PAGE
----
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animalsonly said:
Well someone told me to come check this place out. So here I am. Hi everyone.
Welcome to the site Animals Only, we're glad you joined! :usa: :usa: :usa: Please feel at home here, we have a knowlegeable and helpful group of folks on the the Forum. Please take a look around and be sure to check out the comprehensive Technical Library and FAQs.
Do you have any CCI GTs or YTs? Look forward to talking on site. :thumbsup:
:222: :446: Best Regards, Rich
 

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Discussion Starter · #6 ·
I bought a 444 cheap. it smokes. I am going to bring it in and have it rebuilt, unless I find some compelling reason here to fix it myself. Problem is I have enough going on right now without rebuilding an engine. I would like to use the tractor before next year.

Why Animals Only you ask. I run a wild Animal Control Business from my home. That's after a 8 hour day job. I don't do birds or bees. So it is Animals Only.

I did check it out a little. My first thought is I like the bigger fonts.
 

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Animals Only: I bet your side work is quite interesting at times! :usa: :usa: :usa:
You may want to head over to the Kohler Forum (assuming you have a Kohler :thumbsup: ) on this site and do a post with all the details regarding the smoking, color, etc. and see what feedback you receive.
:222: :446: Best Regards, Rich
 

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Parts interchangeability for your tractor is determined the following way.

Find the ID tag on your tractor's dash tower and carefully record the serial number.

Then go to our Technical Library, click on the PARTS MANUAL section and find the Kohler powered tractors sub-section. Once you open that up, scroll down and find the parts PDF that coincides with your serial number.


If you are seeking major parts for your tractor, then ask the person selling the parts to give you the serial number of the tractor those parts were stripped off of.

Once you know that, you can go back to the Tech Library and find the parts manual that is correct for that donor tractor.

Compare part numbers.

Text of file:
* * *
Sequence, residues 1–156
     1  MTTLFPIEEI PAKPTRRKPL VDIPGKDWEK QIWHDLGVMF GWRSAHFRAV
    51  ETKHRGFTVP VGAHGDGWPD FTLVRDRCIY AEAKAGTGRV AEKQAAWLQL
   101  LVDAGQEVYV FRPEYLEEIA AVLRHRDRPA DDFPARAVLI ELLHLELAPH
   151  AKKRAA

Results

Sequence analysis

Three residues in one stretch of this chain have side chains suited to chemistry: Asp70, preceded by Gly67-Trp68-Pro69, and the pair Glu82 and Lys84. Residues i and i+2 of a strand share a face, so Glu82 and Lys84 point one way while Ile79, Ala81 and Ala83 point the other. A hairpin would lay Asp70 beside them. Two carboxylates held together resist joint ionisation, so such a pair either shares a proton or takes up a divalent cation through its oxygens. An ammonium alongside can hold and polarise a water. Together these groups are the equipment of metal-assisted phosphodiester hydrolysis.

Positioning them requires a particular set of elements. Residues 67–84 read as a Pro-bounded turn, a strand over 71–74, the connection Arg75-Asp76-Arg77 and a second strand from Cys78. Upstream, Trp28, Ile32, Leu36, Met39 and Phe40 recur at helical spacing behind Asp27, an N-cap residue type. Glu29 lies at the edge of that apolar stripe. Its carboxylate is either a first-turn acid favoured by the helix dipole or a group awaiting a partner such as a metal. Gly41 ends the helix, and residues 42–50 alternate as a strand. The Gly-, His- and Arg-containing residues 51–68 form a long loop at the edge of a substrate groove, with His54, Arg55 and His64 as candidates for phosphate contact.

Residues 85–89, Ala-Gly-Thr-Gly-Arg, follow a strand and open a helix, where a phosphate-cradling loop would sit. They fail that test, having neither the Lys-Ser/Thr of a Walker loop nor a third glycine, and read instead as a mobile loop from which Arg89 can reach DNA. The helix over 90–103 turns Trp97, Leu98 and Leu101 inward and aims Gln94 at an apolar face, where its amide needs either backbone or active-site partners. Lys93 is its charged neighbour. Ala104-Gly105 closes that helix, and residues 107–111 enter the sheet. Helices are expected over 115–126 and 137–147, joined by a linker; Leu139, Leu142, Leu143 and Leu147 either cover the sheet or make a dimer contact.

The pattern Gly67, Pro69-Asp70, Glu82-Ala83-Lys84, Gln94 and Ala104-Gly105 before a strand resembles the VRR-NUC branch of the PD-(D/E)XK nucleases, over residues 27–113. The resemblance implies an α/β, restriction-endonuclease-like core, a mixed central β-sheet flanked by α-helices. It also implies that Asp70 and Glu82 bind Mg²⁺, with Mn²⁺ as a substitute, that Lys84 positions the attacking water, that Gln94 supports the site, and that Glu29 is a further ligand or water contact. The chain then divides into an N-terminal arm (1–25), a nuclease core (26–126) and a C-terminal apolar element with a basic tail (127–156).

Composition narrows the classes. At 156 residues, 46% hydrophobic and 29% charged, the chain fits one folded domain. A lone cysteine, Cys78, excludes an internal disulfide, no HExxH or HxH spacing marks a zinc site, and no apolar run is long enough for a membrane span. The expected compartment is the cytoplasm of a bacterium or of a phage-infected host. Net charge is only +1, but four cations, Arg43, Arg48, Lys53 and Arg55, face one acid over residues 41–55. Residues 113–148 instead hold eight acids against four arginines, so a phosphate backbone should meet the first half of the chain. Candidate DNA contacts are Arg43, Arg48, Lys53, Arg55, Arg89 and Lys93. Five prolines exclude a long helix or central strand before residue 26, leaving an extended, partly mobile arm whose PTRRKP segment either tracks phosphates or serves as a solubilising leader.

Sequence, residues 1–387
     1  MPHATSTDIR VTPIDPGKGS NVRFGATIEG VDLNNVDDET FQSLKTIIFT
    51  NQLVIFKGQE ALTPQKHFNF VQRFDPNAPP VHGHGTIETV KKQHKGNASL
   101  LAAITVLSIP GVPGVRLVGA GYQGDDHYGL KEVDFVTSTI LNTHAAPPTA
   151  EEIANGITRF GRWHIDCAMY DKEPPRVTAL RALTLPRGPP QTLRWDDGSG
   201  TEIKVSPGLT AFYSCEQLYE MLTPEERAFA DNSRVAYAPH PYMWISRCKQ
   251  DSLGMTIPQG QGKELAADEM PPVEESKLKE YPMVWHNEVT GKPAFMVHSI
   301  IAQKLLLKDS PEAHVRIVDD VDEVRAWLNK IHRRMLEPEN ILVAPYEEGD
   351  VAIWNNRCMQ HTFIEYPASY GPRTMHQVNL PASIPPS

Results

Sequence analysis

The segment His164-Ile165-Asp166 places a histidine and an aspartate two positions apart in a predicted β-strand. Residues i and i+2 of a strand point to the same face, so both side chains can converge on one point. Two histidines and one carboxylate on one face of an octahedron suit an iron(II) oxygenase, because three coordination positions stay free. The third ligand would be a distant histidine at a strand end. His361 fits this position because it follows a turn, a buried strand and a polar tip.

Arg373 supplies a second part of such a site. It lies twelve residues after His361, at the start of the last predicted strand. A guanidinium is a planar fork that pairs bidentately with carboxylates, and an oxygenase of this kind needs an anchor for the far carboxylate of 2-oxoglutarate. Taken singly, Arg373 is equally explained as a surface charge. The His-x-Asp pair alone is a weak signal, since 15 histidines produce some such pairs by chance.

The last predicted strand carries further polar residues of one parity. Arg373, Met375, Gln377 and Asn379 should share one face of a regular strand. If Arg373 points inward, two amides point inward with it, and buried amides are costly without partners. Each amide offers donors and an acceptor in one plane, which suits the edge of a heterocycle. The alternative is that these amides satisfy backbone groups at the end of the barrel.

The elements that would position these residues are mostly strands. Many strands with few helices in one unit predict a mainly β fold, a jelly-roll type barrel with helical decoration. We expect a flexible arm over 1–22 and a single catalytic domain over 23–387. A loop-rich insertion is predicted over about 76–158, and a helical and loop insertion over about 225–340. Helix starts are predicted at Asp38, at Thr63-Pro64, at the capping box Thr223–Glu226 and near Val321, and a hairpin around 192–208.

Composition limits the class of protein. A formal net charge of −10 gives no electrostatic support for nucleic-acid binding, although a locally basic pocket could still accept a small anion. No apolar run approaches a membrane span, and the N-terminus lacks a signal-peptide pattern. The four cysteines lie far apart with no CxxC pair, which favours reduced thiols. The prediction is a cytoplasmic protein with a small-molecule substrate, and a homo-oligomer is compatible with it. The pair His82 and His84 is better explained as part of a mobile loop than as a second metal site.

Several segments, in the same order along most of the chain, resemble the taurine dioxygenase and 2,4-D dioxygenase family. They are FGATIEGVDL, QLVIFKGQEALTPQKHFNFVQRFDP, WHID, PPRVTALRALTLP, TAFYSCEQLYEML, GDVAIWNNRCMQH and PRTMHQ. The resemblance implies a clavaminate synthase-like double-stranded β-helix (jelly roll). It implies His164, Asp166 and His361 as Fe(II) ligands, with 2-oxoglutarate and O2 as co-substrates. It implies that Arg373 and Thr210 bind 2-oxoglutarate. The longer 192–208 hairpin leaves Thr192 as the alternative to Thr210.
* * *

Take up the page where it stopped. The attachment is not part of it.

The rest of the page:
The 444 was made from 1969 to 1988 and underwent many, many changes in the way it was built during that period. Do not assume that any part will interchange just because the hood has a 444 decal on it. Many of the "wear parts" can be bought brand new from local bearing supply houses as can some other parts.

As for the engine, I urge you to take this job on yourself unless you have deep pockets. If you have reasonable mechanical skills as well as regular hand tools, then you should pull the engine and tear it down. When you get to the bare block stage, take the block, crank, valves, valve springs and camshaft into an experienced machine shop that knows Kohler K engines inside out. Let them bore the cylinder, deck the block, mill the head flat, turn the crank, do the valve job, profile the camshaft and re-assemble the basic engine. You can bring that home, put the flywheel, engine tins etc back on and then bolt the engine back into the tractor. That's how you save money and still come away with a professional rebuild.


Now.....let me ask you this. Did you ever get this kind of advice on MTF? :sidelaugh:
 

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If you hand your tractor over to a shop and say "Rebuild my engine.", then you will pay whatever their hourly door rate is to do the hours of work you are likely capable of doing. Maybe that's $40.00 per hour or maybe that's $80.00 per hour. You have to ask those questions. Rates vary from place to place.


The same holds true with machine shop fees. They can prepare the block, crank and cam and the tell you what you need. Rod, rings, piston and gaskets can be bought off of e-Bay for low cost from very reputable Sellers. I can't tell you what it will cost because the machinist is the one to inspect the engine and determine what procedures are needed. I would guess that you could save yourself a minimum of $500.00 by doing much of this work yourself.

Only you can decide. Do your homework in advance. There's no real panic here, is there? You know what the saying is. Buy in haste, regret in leisure.
 
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